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Response to Scuba (Original post)

Sun Jan 6, 2013, 10:15 PM

4. So tell me than how did raising our taxes

by eliminating the FICA 2 percent reduction in taxes which many of us lower income people were using to make ends meet help stop the decline of the middleclass?

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Response to humbled_opinion (Reply #4)

Sun Jan 6, 2013, 10:26 PM

5. This made Social Security additions being partly supplemented by the General Treasury, thereby

 

giving accuracy to the Republican talking point that Social Security is adding the deficit. If the President wants to give a 2 per cent tax cut/credit to the poor, fine, but NOT using Social Security funding to do it, thereby insuring the program that the general population paid into most of their lives and are counting on being there when they retire.

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Response to plethoro (Reply #5)

Sun Jan 6, 2013, 10:36 PM

8. Excellent then answer these....

Why didn't he champion a 2 percent reduction in Income Tax while at the same time rasining the FICA tax back to 6 percent?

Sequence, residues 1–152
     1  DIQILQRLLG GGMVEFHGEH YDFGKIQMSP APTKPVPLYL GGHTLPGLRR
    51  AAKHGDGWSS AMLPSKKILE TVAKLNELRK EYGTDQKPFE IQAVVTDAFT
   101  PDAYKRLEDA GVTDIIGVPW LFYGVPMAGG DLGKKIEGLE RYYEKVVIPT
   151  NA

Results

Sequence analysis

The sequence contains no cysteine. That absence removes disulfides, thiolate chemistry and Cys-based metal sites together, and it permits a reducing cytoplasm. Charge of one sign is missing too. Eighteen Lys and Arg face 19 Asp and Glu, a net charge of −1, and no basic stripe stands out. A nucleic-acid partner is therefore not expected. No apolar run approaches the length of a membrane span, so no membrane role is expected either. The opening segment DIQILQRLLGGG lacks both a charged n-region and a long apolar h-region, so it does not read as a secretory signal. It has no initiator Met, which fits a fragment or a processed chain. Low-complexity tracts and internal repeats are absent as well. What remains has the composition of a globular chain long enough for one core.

or

Why Didn't he champion a SS cap elimination and make the 2 pecent FICA tax permanent for those making less than 50K annual?

You do realize that some of us are going to be literally hurt economically because of this tax increase, Right?

Do you suggest we just eat it and move on?

Please let me know what to tell my kids they can't have now that I have to shave $800 per year out of my expenses, summer vacation? Trip up to Philly to see family? A new computer, nah this one I am on now running Win XP bought in 2005 should make it another 10 years or so right?

I personally don't care what talking points the idiots on the right were using, why would even suggest knee jerking to those demands?

I think many here on this forum are actually losing their minds, people used to defend those of us barely making it but I guess after we voted for Obama the usefullness is gone.... I hope that's not the case but it is increasingly clear that people are defending the indefensible and I just don't understand why....

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Response to humbled_opinion (Reply #8)

Sun Jan 6, 2013, 10:49 PM

10. You need to ask yourself the answer to your two either/or questions. I already know, but this is not

 

the place to discuss it. People are not seeing what is happening. I like your second suggestion.

"Why didn't he champion a 2 percent reduction in Income Tax while at the same time rasining the FICA tax back to 6 percent?

or

Why Didn't he champion a SS cap elimination and make the 2 pecent FICA tax permanent for those making less than 50K annual? "